Is it possible to have too many friends? Is your spouse supposed to be your best friend? How far should you go to help a friend in need? And how do you end a friendship that has run its course?
In a wickedly entertaining anatomy of friendship in its contemporary guises, Joseph Epstein uncovers the rich and surprising truths about our favored companions. Friendship illuminates those complex, wonderful relationships without which we'd all be lost.
About the Author
JOSEPH EPSTEIN is the author of the best-selling Snobbery and of Friendship, among other books, and was formerly editor of the American Scholar. His work has appeared in The New Yorker, Harper’s Magazine, the Atlantic Monthly, and other magazines. He lives in Evanston, Illinois.
"Brisk and delightful . . . Engaging . . . 'Friendship' is spangled with winning turns of phrase." --John Freeman The Wall Street Journal
"As entertaining and illuminating as a leisurely lunch with a loquacious, literate friend." Kirkus Reviews
"Epstein lucidly. . .applies wisdom to his own life experience, producing a meditative memoir that is refined and modest in tone." Publishers Weekly
As always, [Epstein] works wonders with words . . . for more than two decades, he has been a national treasure. . . . Enthusiastically recommended." Library Journal Starred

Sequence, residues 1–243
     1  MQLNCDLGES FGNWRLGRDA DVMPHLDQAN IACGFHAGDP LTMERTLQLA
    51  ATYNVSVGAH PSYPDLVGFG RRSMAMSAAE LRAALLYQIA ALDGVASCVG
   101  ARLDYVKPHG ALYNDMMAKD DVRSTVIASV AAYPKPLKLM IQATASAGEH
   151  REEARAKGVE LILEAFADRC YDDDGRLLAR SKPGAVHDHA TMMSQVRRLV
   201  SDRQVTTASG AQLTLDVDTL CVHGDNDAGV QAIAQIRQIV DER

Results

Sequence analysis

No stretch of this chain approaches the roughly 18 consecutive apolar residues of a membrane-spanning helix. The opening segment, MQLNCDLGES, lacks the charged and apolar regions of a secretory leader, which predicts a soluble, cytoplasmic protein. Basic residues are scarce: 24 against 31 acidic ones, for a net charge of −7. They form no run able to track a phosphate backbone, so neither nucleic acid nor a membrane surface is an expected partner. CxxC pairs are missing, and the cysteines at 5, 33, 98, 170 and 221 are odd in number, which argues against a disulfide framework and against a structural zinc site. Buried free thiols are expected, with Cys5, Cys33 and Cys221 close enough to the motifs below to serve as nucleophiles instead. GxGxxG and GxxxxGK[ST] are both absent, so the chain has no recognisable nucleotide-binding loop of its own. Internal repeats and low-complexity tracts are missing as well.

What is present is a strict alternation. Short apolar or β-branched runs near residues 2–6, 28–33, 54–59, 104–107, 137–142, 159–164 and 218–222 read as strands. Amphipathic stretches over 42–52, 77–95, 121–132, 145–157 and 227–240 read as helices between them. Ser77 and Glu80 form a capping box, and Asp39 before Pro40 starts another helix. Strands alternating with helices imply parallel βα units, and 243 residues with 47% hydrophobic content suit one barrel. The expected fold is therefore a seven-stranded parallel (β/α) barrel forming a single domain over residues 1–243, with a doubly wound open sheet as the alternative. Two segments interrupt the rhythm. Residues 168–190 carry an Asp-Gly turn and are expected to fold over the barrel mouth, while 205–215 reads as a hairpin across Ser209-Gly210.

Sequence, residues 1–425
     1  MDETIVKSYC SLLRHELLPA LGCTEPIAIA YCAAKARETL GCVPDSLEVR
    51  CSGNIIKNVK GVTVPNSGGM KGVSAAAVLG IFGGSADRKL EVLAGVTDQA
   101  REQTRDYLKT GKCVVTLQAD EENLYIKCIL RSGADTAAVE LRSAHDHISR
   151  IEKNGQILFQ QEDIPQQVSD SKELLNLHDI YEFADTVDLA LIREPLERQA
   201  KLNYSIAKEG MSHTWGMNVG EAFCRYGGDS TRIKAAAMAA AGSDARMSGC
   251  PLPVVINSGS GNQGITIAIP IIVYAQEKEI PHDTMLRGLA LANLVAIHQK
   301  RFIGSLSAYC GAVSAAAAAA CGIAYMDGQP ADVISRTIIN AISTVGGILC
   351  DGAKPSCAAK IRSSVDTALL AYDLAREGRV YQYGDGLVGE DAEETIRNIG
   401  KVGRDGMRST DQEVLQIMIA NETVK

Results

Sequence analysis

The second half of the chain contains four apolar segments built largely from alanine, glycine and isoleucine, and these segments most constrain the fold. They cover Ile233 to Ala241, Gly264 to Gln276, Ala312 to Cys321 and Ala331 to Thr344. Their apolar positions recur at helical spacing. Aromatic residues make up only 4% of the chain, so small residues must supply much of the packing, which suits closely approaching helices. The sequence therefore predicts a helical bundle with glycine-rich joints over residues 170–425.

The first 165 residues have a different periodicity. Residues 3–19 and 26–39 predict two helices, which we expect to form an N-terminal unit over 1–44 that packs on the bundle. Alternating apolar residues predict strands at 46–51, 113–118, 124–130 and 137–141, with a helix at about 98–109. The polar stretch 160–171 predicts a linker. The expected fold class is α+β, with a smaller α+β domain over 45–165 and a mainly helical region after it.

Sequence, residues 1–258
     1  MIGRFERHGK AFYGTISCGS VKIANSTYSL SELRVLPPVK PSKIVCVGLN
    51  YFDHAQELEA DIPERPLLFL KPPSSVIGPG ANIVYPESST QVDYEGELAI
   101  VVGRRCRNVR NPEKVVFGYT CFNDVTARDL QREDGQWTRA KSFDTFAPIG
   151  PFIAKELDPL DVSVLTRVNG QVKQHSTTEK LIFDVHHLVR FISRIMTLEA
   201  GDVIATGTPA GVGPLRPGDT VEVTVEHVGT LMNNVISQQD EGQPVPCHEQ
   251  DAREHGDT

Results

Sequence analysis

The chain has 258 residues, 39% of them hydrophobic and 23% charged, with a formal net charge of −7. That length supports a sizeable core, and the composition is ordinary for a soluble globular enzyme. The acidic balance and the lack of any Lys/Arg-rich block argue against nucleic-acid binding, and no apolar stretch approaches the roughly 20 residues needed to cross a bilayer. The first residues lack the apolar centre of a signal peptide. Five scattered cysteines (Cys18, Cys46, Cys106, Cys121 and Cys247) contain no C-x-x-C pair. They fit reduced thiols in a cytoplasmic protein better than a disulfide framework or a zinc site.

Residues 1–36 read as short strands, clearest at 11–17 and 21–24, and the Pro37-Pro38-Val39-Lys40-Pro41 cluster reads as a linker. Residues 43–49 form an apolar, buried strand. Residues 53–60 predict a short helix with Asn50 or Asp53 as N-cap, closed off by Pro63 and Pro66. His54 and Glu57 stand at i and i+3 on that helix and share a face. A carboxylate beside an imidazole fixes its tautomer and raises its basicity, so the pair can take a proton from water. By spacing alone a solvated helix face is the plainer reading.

"A fine companion for those who find listening to wry, erudite men holding forth on history and society a pleasure." --Elissa Schappell Elle
"Smart, delightfully literate and sophisticated." --Tim Rutten The Los Angeles Times
"Epstein is an adroit pulse-taker of changing mores." --Kimberly Marlowe Hartnett The Seattle Times
"Engaging, witty and heady. Epstein uses examples from Aristotle to Seinfeld to get at the heart of human relationships." --Gail Rosenblum Minneapolis Star-Tribune
"Rich pickings . . . A thoughtful consideration of the pleasures and obligations of friendship . . . honest, unsparing and brimful of illuminating literary anecdotes." --William Grimes The New York Times
"A fascinating look at something that will remain important as long as we remain human." --Jeffrey M. Landaw The Baltimore Sun